"This is obviously a terrible tragedy and it's our understanding that Texas authorities are still investigating the cause of death and that they themselves have not yet made any determination as to how the child died. We obviously take very seriously the welfare of children, particularly children who've been adopted from other countries," Nuland said.

"And we support appropriate access for concerned foreign officials to children who have dual or foreign citizenship. But I want to just underscore that nobody should jump to any conclusions about how this child died until Texas authorities have had the opportunity to investigate."

FARJANA K. GODHULY/AFP/Getty Images

The Cable

Kerry’s first trip will be to Europe and the Middle East

U.S. Secretary of State John Kerry will embark next week on a two-week tour of Europe and the Middle East, with a heavy focus on Syria and the Israeli-Palestinian conflict.

Kerry will leave Feb. 24 on his first overseas voyage since replacing Secretary of State Hillary Clinton and will visit the United Kingdom, Germany, France, Italy, Turkey, Egypt, Saudi Arabia, the United Arab Emirates, and Qatar, outgoing spokeswoman Victoria Nuland said in a statement Tuesday.

"He's characterizing this first trip more broadly as a listening tour," Nuland explained. 

It's an ambitious trip that will bring Kerry back to Washington on March 7, two weeks before President Barack Obama is set to travel to Israel, the West Bank, and Jordan. But Kerry won't be going to any of those countries, despite some chatter around State that he had wanted to include those stops.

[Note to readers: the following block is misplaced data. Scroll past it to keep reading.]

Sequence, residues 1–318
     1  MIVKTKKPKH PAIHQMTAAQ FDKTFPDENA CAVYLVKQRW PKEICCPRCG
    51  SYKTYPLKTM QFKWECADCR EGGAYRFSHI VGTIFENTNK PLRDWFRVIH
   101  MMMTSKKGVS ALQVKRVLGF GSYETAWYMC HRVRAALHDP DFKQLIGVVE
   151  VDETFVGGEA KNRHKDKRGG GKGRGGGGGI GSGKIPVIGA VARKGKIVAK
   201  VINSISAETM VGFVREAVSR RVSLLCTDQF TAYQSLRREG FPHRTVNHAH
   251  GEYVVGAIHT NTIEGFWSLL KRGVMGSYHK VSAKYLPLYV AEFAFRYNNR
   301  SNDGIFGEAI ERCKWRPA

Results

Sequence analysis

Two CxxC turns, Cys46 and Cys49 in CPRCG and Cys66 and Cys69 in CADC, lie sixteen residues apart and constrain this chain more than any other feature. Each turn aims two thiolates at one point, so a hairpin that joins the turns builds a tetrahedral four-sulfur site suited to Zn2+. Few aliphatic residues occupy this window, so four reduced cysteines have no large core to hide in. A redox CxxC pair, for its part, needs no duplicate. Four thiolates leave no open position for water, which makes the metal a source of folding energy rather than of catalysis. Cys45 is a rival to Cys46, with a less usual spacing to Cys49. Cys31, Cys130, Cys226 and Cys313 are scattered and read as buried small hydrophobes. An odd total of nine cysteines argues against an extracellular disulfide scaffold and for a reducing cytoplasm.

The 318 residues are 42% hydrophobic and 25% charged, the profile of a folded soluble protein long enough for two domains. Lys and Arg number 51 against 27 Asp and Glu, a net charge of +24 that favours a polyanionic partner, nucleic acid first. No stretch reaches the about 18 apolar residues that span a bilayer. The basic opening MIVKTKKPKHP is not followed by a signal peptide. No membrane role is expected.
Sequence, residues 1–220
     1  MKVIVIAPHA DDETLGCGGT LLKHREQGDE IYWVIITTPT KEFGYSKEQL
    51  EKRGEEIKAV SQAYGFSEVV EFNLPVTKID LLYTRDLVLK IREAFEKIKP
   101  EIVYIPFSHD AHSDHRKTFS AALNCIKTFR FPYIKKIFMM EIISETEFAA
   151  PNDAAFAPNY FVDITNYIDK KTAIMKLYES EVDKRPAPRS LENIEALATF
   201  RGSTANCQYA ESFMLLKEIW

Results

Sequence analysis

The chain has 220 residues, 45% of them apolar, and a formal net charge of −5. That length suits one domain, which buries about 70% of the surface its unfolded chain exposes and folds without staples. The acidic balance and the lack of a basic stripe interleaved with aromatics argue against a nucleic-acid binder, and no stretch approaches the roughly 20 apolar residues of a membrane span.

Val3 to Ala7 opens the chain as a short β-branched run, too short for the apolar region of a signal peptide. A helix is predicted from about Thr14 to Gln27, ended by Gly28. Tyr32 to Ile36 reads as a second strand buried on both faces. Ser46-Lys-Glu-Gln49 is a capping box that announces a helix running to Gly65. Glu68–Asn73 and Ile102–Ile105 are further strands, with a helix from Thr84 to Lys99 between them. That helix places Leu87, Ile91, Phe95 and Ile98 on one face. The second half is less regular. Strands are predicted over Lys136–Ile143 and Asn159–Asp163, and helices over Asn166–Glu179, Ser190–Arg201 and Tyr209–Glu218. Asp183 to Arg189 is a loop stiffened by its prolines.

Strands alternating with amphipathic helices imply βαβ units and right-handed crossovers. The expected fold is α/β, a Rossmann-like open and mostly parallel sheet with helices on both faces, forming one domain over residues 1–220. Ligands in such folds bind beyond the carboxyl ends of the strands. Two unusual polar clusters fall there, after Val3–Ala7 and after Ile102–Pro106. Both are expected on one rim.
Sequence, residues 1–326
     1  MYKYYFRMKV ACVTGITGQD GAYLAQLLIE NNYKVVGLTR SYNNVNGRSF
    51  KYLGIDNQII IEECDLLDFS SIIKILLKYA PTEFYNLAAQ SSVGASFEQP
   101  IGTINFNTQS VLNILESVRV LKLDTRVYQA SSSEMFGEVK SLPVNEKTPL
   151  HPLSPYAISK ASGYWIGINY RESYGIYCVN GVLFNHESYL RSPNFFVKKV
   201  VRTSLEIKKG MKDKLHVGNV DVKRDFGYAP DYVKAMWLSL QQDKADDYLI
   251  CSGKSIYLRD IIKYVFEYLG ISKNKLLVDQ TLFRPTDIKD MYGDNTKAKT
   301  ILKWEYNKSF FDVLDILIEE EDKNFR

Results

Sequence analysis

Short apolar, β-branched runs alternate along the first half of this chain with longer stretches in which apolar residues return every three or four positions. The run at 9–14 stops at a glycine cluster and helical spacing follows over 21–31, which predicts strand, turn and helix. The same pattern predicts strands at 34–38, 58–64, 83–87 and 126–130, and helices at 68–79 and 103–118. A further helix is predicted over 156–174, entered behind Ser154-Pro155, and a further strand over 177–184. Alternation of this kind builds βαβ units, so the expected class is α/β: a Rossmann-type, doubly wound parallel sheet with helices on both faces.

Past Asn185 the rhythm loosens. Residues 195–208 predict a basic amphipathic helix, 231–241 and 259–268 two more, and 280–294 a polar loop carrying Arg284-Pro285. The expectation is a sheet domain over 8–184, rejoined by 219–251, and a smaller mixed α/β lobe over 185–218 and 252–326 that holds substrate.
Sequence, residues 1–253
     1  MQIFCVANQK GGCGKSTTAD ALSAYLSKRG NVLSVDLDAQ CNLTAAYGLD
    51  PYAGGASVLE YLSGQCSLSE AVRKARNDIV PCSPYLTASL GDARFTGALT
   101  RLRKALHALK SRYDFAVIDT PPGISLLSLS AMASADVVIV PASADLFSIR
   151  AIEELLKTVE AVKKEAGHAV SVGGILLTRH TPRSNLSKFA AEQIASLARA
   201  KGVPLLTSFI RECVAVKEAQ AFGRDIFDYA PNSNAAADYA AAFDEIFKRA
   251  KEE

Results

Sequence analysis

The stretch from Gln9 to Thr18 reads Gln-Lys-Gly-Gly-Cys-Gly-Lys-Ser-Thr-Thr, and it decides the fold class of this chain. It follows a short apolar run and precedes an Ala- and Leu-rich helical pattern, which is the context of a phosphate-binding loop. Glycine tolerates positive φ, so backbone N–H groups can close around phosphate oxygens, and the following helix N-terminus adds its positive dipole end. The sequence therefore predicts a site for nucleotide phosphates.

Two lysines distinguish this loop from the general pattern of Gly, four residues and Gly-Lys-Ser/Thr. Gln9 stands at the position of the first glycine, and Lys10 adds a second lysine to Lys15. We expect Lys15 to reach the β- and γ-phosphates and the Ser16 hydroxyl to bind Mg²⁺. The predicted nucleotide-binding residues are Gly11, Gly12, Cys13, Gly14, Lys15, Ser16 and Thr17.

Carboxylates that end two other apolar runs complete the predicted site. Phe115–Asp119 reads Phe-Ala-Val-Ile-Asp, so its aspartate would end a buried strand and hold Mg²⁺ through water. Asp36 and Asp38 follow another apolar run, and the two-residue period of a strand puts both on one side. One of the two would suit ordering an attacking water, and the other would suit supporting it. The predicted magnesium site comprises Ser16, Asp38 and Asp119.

"Given the fact that the government's coalition negotiations in Israel are still under way, the secretary will be traveling there with the president when he visits later in the spring in lieu of making his own separate trip in February to Jerusalem and Ramallah," Nuland explained. 

In Germany, Kerry will be able to reconnect with the city of Berlin, where he lived as a child when his father was a Foreign Service officer there, Nuland said. At Kerry's Feb. 4 introductory remarks to State Department employees, he told the story of how as a 12-year-old, he rode his bicycle into communist-controlled East Berlin and became aware of the stark reality of living behind the Iron Curtain and the value of living in a free democracy.

In Paris, the French-led international intervention in Mali will top the agenda. In Rome, Kerry will attend a multilateral meeting on Syria and meet with the leaders of the Syrian opposition coalition.

"My understanding is that we're expecting eight to 10 of the countries who have been the biggest supporters of the opposition to be there and also for the opposition to be in that meeting, to present its views on how it's going and how the international community can continue to support," Nuland said. "And then there'll be a separate meeting that the secretary will have with the SOC [Syrian opposition coalition] leadership."

Syria will also be high on the agenda in Ankara, where Kerry will also discuss counterterrorism. In Cairo, Kerry will meet with senior Egyptian officials, Arab League Secretary Nabil El-Araby, other political figures, civil society leaders, and the business community "to encourage greater political consensus and moving forward on economic reforms," Nuland said. 

In Riyadh, Kerry will meet with Saudi leadership and also attend a ministers'-level meeting of the Gulf Cooperation Council. From there he will go on to Abu Dhabi and then Doha, where Syia, Afghanistan, and Middle East peace will top the issue list, according to Nuland.

Reporters at Tuesday's briefing noted that there are no Asia stops on Kerry's first trip, although Clinton made her first overseas trip to that region and the "rebalancing" of American attention to Asia was a cornerstone of U.S. foreign policy in Obama's first term.

"I think were we to add any more stops on this first trip, an already long excursion would be even longer. I think you can certainly expect that Secretary Kerry will visit Asia early in his tenure," Nuland said. "I'm getting tired just thinking about it."

Justin Sullivan/Getty Images